He did manage to remember to start both the coffee and the toast when she got out of the shower, and even heard the toast pop and remembered to butter it while it was hot. He had it on the table for Kenzie when she walked in, buttoning up her blouse.
“Nice!” Kenzie approved.
“Do you want jam?”
“There’s some marmalade in the fridge.”
Zachary retrieved the jar and made a mental note that he should get marmalade the next time he was shopping for groceries. If that were her preferred condiment, then he should make an effort to have it for her when she came to his apartment. He tried to always get things for her when he was shopping because, as Bridget put it, he ate like a Neanderthal. Not one of those fad caveman diets, but like someone who had never learned how to cook even the simplest foods. Most of his food was either ready to eat or just needed to be microwaved for a couple of minutes.
Or he could order in. He could use a phone even if he couldn’t use a stove.
“So, your big case is solved,” Kenzie said. “What are your plans for the day?”
“I still need to report to the client and issue my bill. Then I’ve got a bunch of smaller projects I should catch up on, now that I’ll have some more time. And I need to get my door fixed. I wouldn’t want to impose on you for too long.”
Kenzie spread her marmalade carefully to the edge of the toast. “It was nice last night. I’m glad you called.”
Zachary’s face got warm. All they had done was to talk and cuddle, but he had needed that so badly. He had been concerned that she would be disappointed things had gone no further, so he was reassured that she had enjoyed the quiet time together too. Their relationship had been badly derailed by the abuse Zachary had suffered at Archuro’s hands, which had also brought up a lot of buried memories of his time in foster care. However much he wanted to be with Kenzie, he couldn’t help his own visceral reaction when things got too intimate.
“Hey,” Kenzie said softly, breaking into his thoughts. “Don’t do that. Come back.”
Zachary tried to refocus his attention on her, to keep himself anchored to the present and not the attack.
“Five things?” Kenzie suggested, prompting Zachary to use one of the exercises his therapist had given him to help him with dissociation.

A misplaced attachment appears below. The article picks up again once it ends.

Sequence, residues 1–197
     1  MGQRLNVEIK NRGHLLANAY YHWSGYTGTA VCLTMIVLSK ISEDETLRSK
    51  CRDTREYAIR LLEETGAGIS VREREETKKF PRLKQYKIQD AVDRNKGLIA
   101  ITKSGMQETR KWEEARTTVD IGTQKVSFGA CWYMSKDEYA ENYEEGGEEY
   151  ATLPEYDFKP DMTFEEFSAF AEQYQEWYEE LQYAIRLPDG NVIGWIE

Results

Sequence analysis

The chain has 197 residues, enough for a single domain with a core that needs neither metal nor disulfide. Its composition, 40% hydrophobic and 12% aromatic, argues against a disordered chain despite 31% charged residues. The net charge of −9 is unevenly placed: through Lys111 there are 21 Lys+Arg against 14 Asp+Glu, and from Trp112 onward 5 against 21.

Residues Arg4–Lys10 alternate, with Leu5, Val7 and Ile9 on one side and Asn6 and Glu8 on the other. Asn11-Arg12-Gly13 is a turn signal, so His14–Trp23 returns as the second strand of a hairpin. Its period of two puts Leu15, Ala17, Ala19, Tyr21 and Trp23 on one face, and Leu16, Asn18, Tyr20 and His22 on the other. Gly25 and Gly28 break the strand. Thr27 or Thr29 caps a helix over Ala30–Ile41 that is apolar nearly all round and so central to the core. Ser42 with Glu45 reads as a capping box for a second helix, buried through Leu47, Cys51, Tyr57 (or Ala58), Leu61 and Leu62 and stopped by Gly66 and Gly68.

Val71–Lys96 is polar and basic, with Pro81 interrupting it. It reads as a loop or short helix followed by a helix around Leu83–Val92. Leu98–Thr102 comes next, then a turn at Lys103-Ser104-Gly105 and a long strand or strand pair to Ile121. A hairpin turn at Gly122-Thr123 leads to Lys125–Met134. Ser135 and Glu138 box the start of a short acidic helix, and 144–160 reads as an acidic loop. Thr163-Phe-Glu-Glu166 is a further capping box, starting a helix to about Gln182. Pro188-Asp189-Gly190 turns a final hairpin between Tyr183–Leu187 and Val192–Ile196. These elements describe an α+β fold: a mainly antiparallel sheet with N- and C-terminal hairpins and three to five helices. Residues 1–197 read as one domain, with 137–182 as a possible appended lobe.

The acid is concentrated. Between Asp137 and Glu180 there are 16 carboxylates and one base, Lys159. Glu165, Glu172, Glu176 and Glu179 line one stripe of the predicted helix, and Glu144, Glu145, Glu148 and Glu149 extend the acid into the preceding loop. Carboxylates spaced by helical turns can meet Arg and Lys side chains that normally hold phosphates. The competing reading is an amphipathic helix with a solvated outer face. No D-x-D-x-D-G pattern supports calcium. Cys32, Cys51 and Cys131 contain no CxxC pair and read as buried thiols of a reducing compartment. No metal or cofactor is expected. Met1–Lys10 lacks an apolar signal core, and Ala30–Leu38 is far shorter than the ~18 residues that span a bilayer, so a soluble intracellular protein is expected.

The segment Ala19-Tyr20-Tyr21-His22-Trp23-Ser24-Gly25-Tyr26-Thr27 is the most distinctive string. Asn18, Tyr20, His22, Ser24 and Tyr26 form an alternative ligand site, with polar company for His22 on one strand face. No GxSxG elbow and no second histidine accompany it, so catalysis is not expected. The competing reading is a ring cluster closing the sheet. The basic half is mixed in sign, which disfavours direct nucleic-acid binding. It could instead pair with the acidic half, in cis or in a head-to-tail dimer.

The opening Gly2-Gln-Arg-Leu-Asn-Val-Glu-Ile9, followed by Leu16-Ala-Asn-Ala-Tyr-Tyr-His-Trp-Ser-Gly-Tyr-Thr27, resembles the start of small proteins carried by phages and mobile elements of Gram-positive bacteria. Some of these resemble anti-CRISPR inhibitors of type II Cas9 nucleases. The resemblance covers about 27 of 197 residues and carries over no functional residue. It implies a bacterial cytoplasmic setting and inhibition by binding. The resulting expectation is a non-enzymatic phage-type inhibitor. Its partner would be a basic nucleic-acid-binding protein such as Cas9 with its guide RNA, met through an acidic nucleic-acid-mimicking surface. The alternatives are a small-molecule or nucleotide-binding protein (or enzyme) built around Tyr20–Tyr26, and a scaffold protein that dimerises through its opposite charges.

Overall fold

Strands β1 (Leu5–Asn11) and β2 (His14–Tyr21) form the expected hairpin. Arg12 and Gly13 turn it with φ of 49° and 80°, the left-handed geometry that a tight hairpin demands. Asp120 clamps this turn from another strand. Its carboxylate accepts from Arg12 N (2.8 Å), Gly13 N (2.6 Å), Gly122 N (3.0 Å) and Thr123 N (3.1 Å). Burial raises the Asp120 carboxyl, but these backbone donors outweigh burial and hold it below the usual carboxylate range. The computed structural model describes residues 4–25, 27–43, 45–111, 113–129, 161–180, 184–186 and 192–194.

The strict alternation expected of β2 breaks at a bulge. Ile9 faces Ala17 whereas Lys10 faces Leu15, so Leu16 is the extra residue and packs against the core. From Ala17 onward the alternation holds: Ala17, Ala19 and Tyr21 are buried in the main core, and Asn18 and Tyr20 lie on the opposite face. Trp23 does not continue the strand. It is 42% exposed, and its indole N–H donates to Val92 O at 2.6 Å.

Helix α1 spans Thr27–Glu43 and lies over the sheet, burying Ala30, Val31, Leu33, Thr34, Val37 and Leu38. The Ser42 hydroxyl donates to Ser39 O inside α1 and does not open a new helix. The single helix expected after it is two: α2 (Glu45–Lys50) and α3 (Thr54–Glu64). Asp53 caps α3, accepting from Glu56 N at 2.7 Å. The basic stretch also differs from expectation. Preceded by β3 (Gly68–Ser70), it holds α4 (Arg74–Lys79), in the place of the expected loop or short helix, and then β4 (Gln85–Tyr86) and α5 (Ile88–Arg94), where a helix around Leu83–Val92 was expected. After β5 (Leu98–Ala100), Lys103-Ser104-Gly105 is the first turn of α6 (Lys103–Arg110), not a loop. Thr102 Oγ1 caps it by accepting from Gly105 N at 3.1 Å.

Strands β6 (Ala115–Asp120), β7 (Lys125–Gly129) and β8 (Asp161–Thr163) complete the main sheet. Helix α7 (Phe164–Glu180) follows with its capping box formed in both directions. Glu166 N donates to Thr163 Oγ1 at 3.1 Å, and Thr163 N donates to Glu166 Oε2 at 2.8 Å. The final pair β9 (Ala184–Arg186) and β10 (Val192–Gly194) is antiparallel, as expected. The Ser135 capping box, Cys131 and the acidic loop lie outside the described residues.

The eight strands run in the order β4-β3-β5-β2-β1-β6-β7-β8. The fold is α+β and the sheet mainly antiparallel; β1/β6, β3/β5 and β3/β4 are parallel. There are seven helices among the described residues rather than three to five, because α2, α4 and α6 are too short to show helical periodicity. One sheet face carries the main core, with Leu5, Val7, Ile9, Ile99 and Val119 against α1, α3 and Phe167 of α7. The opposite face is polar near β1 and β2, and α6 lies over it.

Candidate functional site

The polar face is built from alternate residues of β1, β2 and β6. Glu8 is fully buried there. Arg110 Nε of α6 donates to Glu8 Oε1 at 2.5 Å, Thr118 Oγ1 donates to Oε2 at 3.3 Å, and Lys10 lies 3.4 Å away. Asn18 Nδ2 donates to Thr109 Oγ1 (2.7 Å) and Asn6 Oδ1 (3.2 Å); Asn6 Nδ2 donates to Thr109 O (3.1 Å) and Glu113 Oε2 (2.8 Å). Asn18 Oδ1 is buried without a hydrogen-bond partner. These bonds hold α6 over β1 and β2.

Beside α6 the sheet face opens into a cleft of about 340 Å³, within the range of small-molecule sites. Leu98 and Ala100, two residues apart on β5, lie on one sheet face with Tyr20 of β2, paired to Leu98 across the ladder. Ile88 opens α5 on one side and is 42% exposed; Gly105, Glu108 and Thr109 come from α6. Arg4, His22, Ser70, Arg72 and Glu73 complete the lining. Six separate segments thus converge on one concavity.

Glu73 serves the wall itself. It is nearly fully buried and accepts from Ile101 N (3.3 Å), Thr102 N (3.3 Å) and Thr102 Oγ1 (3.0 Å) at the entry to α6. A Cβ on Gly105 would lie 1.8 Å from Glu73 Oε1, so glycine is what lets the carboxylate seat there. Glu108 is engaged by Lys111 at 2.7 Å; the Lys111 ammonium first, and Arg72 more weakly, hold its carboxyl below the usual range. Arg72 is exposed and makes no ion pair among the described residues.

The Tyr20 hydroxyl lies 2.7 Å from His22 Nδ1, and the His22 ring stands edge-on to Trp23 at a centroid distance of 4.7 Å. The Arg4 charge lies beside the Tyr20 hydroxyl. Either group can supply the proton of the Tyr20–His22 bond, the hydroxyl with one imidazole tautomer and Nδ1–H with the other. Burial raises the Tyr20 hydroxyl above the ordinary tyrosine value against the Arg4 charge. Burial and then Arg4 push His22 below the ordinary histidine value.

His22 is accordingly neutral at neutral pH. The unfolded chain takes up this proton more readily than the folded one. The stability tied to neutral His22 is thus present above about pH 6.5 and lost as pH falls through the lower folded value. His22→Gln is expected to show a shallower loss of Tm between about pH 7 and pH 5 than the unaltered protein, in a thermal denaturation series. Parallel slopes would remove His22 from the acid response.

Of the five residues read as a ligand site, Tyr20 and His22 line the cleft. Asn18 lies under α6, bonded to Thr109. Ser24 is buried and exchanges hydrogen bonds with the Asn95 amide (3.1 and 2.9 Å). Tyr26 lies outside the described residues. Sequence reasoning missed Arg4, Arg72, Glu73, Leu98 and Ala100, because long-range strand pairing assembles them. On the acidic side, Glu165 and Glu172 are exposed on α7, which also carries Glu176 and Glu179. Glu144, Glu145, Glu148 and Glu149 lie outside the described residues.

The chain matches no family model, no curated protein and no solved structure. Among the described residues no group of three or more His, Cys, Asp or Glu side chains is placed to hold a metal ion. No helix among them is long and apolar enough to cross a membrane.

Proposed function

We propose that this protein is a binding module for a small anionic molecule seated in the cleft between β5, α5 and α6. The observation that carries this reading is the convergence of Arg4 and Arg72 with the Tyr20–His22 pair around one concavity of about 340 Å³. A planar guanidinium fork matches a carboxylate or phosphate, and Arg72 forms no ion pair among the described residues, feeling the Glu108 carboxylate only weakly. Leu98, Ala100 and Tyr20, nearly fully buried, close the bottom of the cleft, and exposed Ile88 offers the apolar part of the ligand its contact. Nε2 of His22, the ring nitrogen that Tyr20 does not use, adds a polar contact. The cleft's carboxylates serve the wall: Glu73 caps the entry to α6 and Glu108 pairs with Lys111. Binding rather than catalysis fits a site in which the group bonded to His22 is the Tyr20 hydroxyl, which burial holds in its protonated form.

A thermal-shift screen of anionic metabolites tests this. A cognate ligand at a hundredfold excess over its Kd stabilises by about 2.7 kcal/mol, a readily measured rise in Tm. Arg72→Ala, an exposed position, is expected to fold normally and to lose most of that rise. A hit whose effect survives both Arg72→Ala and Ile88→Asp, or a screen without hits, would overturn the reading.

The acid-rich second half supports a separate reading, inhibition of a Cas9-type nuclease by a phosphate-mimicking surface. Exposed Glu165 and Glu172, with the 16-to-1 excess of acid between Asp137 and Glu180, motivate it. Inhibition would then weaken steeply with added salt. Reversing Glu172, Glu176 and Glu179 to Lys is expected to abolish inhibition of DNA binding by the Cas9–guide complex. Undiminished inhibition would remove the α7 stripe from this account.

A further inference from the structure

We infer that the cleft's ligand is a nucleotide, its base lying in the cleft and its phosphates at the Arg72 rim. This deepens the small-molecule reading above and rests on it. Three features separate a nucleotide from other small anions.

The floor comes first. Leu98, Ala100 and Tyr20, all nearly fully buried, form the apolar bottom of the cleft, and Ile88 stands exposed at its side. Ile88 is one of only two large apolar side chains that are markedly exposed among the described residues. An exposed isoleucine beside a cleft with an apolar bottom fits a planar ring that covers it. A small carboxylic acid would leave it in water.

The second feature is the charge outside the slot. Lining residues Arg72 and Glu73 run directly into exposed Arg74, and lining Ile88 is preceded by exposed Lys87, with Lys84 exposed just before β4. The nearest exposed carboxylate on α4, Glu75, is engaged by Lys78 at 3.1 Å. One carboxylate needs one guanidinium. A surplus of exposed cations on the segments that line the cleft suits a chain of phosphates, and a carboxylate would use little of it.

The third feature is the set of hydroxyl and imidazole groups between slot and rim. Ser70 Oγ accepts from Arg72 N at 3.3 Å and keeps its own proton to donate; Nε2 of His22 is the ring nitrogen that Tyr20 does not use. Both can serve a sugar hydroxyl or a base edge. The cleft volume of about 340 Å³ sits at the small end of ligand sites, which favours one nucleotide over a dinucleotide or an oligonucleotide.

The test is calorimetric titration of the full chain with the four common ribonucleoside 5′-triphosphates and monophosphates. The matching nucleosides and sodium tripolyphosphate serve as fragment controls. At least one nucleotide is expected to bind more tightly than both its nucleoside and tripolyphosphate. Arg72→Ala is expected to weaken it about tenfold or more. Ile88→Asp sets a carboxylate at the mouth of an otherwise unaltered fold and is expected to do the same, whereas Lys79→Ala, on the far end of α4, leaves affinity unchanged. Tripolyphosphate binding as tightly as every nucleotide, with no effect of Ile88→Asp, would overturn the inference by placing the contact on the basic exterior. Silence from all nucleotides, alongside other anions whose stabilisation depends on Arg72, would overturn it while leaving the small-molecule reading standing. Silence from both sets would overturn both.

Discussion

Zachary took a slow breath. “I smell… the coffee. The toast.” He breathed. “Your shampoo. The marmalade. I… don’t know what else.”
His own sweat. He should have showered and dressed before Kenzie got up. Greeted her smelling freshly-scrubbed instead of assaulting her with the rank odor of a homeless person.
Kenzie smiled. “Better?” She studied his face for any tells.
Zachary nodded. “Yeah. Sorry.”
“It’s okay. It’s not your fault.”
He still felt completely inadequate. He should be able to have a pleasant morning conversation with his girlfriend without dissociating or getting mired in flashbacks. It shouldn’t be that hard.
“Are you going to have something to eat? There’s enough bread for you to have toast too,” Kenzie teased.
“No, not ready yet.”
“Well, don’t forget. You still need to get your weight back up.”
Zachary nodded. “I’ll have something in a while.”
He still hadn’t eaten when he left Kenzie’s. She was on her way into work, and he didn’t want her to feel like she had to let him stay there in her domain while she was gone so, by the time she was ready for work, he had repacked his overnight bag and was ready to leave as well. She didn’t make any comment or offer him the house while she was gone.
“Well, good luck with your report to Lauren’s sister today. I know that part of the job is never fun.”
Zachary nodded. “Yeah. And then collecting on the bill. Sorry your sister was murdered, but could you please pay me now?” He rolled his eyes.
Kenzie shook her head. “At least I don’t have to ask for payment when I give people autopsy results.”
They paused outside the door. Zachary didn’t know what to say to Kenzie or how to tell her goodbye.
“Call me later,” Kenzie advised. “Let me know whether you got your door fixed or not.”
Zachary exhaled, relieved. She wasn’t regretting having invited him in. She would put up with him for another night if he needed her.
“Thanks, I will.”
Kenzie armed the burglar alarm on the keypad next to the door and shut it. Zachary heard the bolt automatically slide into place.